All was ended now, the hope, and the fear, and the sorrow, All the aching of heart, the restless, unsatisfied longing, All the dull, deep pain, and constant anguish of patience ! And, as she pressed once more the lifeless head to her bosom, Meekly she bowed her own, and murmured, “ Father. I thank

thee !"

STILL stands the forest primeval; but far away from its shadow,
Side by side, in their nameless graves, the lovers are sleeping.
Under the humble walls of the little Catholic churchyard,
In the heart of the city, they lie, unknown and unnoticed.
Daily the tides of life go ebbing and flowing beside them,
Thousands of throbbing hearts, where theirs are at rest and for

ever, Thousands of aching brains, where theirs no longer are busy, Thousands of toiling hands, where theirs have ceased from their

labours, Thousands of weary feet, where theirs have completed their


Still stands the forest primeval ; but under the shade of its

branches Dwells another race, with other customs and language. Only along the shore of the mournful and misty Atlantic Linger a few Acadian peasants, whose fathers from exile Wandered back to their native land to die in its bosom. In the fisherman's cot the wheel and the loon are still busy; Maidens still wear their Norman caps and their kirtles of

homespun, And by the evening fire repeat Evangeline's story, While from its rocky caverns the deep-voiced, neighbouring ocean Speaks, and in accents disconsolate answers the wail of the forest.

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Πότνια, πότνια νυξ,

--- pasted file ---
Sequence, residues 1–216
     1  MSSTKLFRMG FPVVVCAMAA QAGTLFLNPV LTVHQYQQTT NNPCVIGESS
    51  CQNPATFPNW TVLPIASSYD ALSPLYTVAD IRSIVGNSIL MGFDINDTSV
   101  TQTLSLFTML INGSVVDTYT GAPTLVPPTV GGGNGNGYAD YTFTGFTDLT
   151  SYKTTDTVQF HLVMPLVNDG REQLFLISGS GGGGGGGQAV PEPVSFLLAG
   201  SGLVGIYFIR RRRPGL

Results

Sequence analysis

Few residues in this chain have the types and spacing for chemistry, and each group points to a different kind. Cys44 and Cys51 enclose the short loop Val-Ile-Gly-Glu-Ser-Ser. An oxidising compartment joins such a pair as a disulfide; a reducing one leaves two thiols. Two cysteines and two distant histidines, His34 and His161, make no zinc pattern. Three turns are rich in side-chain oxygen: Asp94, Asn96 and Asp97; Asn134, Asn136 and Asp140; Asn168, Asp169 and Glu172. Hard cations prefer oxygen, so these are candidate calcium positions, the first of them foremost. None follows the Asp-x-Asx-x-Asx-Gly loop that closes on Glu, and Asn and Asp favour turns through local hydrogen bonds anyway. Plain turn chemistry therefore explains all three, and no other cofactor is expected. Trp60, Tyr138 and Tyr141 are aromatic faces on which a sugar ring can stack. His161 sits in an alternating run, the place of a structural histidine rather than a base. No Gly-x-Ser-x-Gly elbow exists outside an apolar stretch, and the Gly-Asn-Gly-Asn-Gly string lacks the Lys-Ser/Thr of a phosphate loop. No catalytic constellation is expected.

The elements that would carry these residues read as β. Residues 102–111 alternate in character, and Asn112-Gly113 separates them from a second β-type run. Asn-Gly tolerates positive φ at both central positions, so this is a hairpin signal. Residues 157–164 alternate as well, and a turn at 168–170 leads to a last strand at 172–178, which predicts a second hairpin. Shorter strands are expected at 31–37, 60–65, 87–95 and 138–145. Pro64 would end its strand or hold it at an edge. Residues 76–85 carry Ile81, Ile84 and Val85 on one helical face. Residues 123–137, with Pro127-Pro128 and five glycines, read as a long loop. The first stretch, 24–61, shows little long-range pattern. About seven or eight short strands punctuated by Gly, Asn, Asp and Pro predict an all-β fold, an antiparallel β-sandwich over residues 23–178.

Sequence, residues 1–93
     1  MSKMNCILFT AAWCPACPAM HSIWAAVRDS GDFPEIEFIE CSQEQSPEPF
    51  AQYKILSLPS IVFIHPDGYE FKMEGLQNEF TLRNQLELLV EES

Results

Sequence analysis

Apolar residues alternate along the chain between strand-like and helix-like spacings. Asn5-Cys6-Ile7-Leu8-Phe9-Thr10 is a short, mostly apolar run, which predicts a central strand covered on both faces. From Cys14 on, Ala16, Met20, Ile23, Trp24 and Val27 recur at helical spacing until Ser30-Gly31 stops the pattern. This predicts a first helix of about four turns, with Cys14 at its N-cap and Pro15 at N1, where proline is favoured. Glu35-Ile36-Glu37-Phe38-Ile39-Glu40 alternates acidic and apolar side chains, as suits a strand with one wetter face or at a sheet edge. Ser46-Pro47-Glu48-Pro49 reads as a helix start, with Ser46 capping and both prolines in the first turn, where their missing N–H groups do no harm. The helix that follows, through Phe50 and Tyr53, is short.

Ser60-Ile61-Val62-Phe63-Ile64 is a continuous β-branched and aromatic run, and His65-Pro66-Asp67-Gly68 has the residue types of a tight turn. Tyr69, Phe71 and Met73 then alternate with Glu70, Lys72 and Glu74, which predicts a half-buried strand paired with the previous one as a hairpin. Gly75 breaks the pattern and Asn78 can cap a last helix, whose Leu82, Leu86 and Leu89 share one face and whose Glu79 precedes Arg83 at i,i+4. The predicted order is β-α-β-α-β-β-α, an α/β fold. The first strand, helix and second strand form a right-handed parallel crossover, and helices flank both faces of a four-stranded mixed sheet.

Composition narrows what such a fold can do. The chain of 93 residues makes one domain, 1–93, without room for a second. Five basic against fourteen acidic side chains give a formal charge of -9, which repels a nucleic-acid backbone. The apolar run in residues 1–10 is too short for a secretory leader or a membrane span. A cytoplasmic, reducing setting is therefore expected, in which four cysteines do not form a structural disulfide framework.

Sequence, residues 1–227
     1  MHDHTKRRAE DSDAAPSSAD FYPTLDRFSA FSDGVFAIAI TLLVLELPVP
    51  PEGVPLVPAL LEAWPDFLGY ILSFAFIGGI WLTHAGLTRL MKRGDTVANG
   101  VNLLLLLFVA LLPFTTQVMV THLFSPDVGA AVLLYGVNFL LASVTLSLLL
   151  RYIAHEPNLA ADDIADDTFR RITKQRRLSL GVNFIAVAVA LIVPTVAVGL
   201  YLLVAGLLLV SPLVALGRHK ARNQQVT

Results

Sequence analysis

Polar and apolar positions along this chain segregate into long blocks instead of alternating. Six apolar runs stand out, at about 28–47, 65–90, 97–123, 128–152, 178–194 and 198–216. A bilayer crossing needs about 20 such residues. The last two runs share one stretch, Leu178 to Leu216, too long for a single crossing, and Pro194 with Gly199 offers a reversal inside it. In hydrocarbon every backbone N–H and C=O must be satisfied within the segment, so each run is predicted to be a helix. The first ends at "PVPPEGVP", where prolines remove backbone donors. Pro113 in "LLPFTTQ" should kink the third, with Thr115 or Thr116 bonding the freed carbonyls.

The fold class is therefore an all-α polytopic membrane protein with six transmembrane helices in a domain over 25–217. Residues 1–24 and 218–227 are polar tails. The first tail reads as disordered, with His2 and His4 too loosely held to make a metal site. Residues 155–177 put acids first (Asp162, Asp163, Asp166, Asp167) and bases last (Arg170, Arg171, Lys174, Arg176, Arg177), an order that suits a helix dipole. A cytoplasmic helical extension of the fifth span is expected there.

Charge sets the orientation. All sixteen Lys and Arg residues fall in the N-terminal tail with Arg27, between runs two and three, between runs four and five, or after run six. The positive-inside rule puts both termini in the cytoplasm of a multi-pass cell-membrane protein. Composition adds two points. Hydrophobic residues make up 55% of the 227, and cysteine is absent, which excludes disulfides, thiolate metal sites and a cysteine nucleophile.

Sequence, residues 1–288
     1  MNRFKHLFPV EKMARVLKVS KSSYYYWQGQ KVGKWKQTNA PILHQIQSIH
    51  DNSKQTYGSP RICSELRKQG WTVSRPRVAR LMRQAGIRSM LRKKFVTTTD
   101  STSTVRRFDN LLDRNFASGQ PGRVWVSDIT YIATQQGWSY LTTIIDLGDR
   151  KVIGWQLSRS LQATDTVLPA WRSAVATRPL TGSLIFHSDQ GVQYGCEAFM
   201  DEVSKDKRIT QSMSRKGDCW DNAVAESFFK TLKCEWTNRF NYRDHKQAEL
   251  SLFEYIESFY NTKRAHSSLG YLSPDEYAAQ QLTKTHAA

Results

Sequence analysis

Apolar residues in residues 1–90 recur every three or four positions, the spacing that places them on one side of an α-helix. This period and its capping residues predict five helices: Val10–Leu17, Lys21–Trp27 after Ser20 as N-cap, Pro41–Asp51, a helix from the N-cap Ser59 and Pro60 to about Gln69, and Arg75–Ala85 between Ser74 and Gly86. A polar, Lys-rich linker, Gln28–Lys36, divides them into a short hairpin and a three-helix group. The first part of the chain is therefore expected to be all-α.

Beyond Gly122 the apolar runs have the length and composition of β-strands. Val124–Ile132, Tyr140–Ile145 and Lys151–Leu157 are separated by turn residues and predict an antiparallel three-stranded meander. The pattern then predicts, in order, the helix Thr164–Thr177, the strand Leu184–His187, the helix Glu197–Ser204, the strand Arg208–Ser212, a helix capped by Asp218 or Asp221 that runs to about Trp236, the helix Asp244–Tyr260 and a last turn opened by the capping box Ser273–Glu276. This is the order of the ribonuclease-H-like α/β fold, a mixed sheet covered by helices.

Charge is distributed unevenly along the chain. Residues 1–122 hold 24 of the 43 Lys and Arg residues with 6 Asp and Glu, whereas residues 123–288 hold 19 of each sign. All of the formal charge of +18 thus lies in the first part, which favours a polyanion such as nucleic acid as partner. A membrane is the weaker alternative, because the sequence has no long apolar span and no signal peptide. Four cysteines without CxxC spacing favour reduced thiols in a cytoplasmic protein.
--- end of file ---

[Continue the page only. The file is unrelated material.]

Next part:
πνοδότειρα των πολυπόνων βροτών, 'Ερεσόθιν 79' μόλε μόλι κατάπτερο 'Αγαμιανόνιον επί δόμον υπό γαρ αλγίων, υπό τη συμφοράς διουχόμεθ, δίχόμεθα.


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PLEASANT it was, when woods were green,

And winds were soft and low,
To lie amid some sylvan scene,
Where, the long drooping boughs between,
Shadows dark and sunlight sheen

Alternate come and go;

Or where the denser grove receives

No sunlight from above,
But the dark foliage interweaves
In one unbroken roof of leaves,
Underneath whose sloping eaves

The shadows hardly move.

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Beneath some patriarchal tree

I lay upon the ground;
His hoary arms uplifted he,
And all the broad leaves orer me
Clapped their little hands in glee,

With one continuous sound,

A slumberous sound, -a sound that brings

The feelings of a dream, -
As of innumerable wings,
As, when a bell no longer swings,
Faint the hollow murmur rings

O'er meadow, lake, and stream.

And dreams of that which cannot die,

Bright visions, came to me,
As lapped in thought I used to lie,
And gaze into the summer sky,
Where the sailing clouds went by,

Like ships upon the sea ;

Dreams that the soul of youth engage

Ere Fancy has been quelled ; Old legends of the monkish page, Traditions of the saint and sage, Tales that have the rime of age,

And chronicles of Eld.

And, loving still these quaint old themes,

Even in the city's throng I feel the freshness of the streams, That, crossed by shades and sunny gleams, Water the green land of dreams,

The holy land of song

Therefore, at Pentecost, which brings

The Spring, clothed like a bride, When nestling buds unfold their wings, And bishop's-caps have golden rings, Musing upon many things,

I sought the woodlands wide

The green trees whispered low and mild;

It was a sound of joy !
They were my playmates when a child,
And rocked me in their arms so wild;
Still they looked at me and smiled,

As if I were a boy ;

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